Pistol River (2)
Here is a view down the beach with the shorebirds in the distance poking their beaks in for a morning meal. We have friends that come here to go clamming but we were just on a refreshing beach walk as we traveled up the coast.

Bullards Beach Sunset Kite
Here is another beach we camped at on our trip, Bullards Beach near Bandon, Oregon. This image is in the evening and if you look closely you can see horses in the distance and a family having a bonfire up sheltered in the pile of driftwood.

Bullards Beach (11)
Here is another section of the beach early in the morning. Look at all that driftwood!

Bullards Beach lighthouse
This is the lighthouse at Bullards Beach and you can see the sandy dunes and grasses that border the actual shore. Behind the lighthouse is the Pistol River outlet which is where all the driftwood comes from during certain parts of the year.

Cape Arago (3)
Farther up the coast, we visited Cape Arago and Simpson Reef. It was a wet day but we braved the rain to observe the sea life down on the rocky islands. I had my binoculars and we were able to see sea lions resting on the rocks and in the water.

Rock and Shell Nature Journal (3)
Rocks and shells are rather difficult to draw in my nature journal. It is an exercise in slowing down and really looking at the object before you put your pencil or pen to the page.

Rock Shell Collection
We had a great time looking for rocks on this trip. Not much granite to look at but we did see many things to capture our interest and to look up in our field guides.

Just looking at these photos makes me want to turn around and go back to Oregon.

You can find other rock related challenges here on the Handbook of Nature Study blog.
Quartz Study
Sand and Soil
Salt Study

If you are interested in more of our Oregon Coast adventures, here are some links.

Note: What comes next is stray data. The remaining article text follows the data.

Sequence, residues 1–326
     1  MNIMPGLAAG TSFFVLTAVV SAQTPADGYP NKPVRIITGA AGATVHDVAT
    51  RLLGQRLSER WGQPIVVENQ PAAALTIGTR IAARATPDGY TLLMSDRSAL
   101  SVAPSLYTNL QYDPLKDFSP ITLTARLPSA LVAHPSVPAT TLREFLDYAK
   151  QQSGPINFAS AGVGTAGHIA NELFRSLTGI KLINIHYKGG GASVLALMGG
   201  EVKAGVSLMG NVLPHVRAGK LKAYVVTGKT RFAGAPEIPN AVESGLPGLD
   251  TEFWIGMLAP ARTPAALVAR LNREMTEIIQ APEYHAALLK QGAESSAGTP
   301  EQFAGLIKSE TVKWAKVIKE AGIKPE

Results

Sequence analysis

Oregon Coast Trail

Have you seen the new product over at If you own a Lifetime Membership over on Debra’s website, you can log into your account on and download your set right now. If you aren’t already a member over there, you can purchase the set separately or I would highly recommend a Lifetime Membership so you can access all of the 1000’s of notebooking pages she has to offer. ($4.95 for the set or get started with your membership with $10!)

Marine Invertebrates Notebooking Pages

Please note I am an affiliate for and have used the notebooking pages with my family for years!

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Family Monarch Study – How To Conduct a Nature Study Follow-Up

In any blackboard reading lesson, and, so far as possible, in individual written work by the children, tell —
First. What I did.
Second. What I saw.
Third. What I thought.
If this order is habitually followed, the children are more apt to think for themselves, and to base their conclusions on what they have seen. If told in the first person, as far as possible, class reproduction is apt to be more thoughtful and the pupil’s work more individual.
Nature Study and the Child by Charles Scott, 1900

What We Did:
We sat in the garden on several occasions to try to spy out some butterflies as part of the Outdoor Hour Challenge for summer butterflies. Mom had her camera and was ready to snap some images if a beauty came along. We mostly saw bees of various kinds and the occasional dragonfly.

Fiery Skipper from 2009 – I forgot to plant my cosmos this year…just realized.